Okay. I’m just going to say it. Jesus was wrong to make the Canaanite woman plead with him. Fortunately, he came to a new understanding after listening to her and was able to correct his mistake before it was too late. When the woman was crying out to him, Jesus ignored her until his disciples asked him to send her away because she was annoying and undeserving. Then Jesus basically told her that she wasn’t deserving of his attention because she was not an Israelite. She begged for his help. He declined. She pointed out that even dogs got the crumbs that fell from the table. Then Jesus healed her daughter and praised her faith. Jesus reacted to the woman as he had been taught. She persisted and was able to get him to see her as a human being, not just as a Canaanite woman. We could benefit from paying more close attention to this story.
Sometimes I feel like all I say is, “Come on, Church, we can do better than this.” And, yet, I feel compelled to keep saying it. We can do better because Jesus did better. People shouldn’t have to come begging us for help or healing. No one should have to persuade the church that they are worthy of God’s love. No one should have to convince us that they are worth saving. I cannot help but wonder how many lives have been lost because we as the church were not listening and failed to recognize the human being in need of help.
Maybe you’ve been lucky enough to always be welcomed in a church community. Maybe you’ve never been told that you are an abomination, an unrepentant sinner, unwelcome, unworthy, or undeserving. Maybe you’ve never been excluded from the life of the church because of your age, your gender, your sexual orientation, your marital status, mental illness, physical disability, or some other aspect of who you are. If that’s the case, then you know how Jesus and his disciples felt when the outsider wanted just a taste of what they had. What you don’t know is the desperation that drove the Canaanite woman to literally beg at Jesus’ feet.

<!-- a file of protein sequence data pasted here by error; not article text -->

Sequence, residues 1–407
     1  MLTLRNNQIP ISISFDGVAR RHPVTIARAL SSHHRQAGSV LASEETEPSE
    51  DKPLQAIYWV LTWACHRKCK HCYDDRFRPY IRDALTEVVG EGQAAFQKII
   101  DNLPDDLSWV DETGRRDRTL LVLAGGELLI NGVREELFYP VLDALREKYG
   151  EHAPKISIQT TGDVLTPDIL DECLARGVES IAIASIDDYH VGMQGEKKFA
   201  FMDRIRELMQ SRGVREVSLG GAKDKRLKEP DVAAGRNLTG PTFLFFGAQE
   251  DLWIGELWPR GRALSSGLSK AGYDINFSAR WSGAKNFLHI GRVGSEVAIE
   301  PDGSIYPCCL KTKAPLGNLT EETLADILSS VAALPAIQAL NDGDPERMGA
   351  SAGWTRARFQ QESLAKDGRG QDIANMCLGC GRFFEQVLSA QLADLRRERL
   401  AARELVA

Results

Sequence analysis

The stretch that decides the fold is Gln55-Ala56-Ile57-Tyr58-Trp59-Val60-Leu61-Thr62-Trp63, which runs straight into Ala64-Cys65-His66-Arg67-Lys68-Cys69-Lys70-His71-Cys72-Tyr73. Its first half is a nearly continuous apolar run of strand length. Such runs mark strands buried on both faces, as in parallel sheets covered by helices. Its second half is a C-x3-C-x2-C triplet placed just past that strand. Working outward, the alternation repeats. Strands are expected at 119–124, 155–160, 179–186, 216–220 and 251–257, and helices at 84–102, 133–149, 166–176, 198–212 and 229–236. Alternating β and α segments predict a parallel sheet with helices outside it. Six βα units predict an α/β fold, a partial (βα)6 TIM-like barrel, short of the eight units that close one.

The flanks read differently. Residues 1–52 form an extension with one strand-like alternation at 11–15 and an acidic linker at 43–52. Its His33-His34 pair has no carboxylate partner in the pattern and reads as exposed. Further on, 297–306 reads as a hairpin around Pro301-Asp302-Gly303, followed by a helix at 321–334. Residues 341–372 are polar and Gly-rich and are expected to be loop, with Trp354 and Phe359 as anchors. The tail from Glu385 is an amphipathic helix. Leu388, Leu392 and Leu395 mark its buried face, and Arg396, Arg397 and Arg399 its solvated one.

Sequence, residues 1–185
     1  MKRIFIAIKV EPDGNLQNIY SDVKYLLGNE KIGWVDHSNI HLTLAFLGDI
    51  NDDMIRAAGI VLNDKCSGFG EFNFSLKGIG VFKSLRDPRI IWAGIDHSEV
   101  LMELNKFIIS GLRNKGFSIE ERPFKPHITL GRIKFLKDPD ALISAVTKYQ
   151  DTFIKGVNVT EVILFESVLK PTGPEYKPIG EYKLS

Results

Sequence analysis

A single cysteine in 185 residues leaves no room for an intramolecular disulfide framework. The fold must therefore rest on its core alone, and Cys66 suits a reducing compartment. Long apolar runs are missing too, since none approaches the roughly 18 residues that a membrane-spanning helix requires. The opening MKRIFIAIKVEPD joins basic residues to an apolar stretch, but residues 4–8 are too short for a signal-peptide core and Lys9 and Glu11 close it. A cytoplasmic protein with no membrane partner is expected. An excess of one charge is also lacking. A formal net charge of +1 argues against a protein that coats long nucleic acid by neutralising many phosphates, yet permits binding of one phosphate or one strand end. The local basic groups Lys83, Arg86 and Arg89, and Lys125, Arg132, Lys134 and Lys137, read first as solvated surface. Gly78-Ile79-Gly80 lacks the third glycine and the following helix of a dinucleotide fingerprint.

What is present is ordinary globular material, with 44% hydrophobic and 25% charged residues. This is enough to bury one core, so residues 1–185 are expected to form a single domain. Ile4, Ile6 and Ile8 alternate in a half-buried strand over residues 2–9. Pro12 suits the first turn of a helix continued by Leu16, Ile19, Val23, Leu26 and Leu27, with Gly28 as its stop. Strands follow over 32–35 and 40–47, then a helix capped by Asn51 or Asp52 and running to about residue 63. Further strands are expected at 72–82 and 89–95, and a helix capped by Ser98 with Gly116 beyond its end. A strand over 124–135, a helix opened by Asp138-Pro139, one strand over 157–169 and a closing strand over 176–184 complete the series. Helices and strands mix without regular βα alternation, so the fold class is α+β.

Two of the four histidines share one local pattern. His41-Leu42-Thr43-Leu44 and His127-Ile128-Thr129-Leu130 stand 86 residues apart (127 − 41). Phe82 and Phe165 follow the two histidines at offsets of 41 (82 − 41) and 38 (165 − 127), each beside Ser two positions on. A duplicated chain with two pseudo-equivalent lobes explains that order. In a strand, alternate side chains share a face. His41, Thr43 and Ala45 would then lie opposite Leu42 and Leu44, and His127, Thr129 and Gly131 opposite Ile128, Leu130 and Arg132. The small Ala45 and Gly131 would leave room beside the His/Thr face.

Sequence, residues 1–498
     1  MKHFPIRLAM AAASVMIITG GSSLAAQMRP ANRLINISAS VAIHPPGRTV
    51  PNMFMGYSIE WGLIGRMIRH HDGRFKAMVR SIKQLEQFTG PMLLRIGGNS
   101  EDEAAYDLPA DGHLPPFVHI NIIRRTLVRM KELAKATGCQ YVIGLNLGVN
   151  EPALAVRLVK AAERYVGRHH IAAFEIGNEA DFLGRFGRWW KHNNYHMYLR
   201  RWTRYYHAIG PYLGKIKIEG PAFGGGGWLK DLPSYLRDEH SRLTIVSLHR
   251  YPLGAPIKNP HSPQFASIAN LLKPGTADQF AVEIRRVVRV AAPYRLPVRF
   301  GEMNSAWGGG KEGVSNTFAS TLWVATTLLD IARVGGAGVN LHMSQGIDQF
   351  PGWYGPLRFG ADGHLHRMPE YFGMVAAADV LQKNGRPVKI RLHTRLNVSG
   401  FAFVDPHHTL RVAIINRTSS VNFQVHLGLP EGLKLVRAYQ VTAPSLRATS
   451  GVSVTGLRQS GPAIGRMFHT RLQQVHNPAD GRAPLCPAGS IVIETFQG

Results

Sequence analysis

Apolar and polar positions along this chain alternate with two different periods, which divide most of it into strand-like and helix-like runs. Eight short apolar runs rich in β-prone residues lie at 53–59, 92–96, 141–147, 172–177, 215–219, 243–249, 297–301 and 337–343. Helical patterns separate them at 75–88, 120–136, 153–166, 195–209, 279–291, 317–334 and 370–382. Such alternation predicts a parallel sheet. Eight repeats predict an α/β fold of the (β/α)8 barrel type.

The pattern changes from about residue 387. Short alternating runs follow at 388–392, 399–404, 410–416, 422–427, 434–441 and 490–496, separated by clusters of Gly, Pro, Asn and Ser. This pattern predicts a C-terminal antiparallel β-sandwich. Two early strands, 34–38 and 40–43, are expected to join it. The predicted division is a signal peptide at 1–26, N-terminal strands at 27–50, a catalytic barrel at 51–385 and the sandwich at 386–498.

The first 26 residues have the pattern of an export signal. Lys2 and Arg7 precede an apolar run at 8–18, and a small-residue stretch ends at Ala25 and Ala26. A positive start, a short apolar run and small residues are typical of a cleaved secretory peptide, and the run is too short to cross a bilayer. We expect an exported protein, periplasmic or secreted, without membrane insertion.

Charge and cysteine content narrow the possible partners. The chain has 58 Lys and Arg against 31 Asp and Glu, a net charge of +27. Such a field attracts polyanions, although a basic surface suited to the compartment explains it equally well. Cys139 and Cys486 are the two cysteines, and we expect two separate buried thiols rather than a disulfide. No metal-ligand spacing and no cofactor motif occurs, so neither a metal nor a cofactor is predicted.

Imagine what she must have been feeling. Her child was dying. She had heard about Jesus the healer. She knew she, as a Canaanite woman, had no business approaching a Jewish rabbi. She did it, though. And she persisted until Jesus saw her, heard her, and helped her. I wonder who is kneeling at our feet, begging for healing, hope, and wholeness that we are choosing not to see, hear, or help because of what we have been taught. And those teachings that say that anyone is undeserving of God’s love are not from Jesus. He learned something in his encounter with the Canaanite woman, and so should we.
My friends, the church has the antidote for much of what ails society today. While we cannot manufacture a vaccine for COVID-19, we can demonstrate what love looks like during a pandemic. We cannot meet in person without following all the appropriate guidelines. We can support the idea that these days, love wears a mask. More than that, though, as society becomes increasingly apathetic or hopeless, we can freely share the love we have in our communities. We can share resources ensure people are seen, heard, welcomed, and find a place of belonging.
We have been taught how to love our neighbors as ourselves. While it may not be easy when our society maintains the idea that its everyone for themselves, we know that every human being is worthy of God’s love. No one should have to beg for it. What would radical inclusion look like in our congregations? It’s more than the “All are Welcome” on so many of our signs. We would have to mean that all are welcome, even those who are treated like the Canaanites of Jesus’ day.
Perhaps we should take some time during pandemic to expand our welcome in ways that will last. Who have we excluded that we could work on including? Who has been begging for us to help them? Instead of focusing on what we cannot do during pandemic, let’s focus on what we can do. Let’s figure out how to be congregations that lead with love and grace, welcome and inclusion. We don’t have to keep making the same mistakes. Jesus didn’t. Let’s, you know, follow him. Crumbs that fall to the floor are fine for dogs. As far as people go, we to build a bigger table.
RCL – Year A – Eleventh Sunday after Pentecost – August 16, 2020
Genesis 45:1-15 with Psalm 133 or
Isaiah 56:1, 6-8 with Psalm 67
Romans 11:1-2a, 29-32
Matthew 15:(10-20), 21-28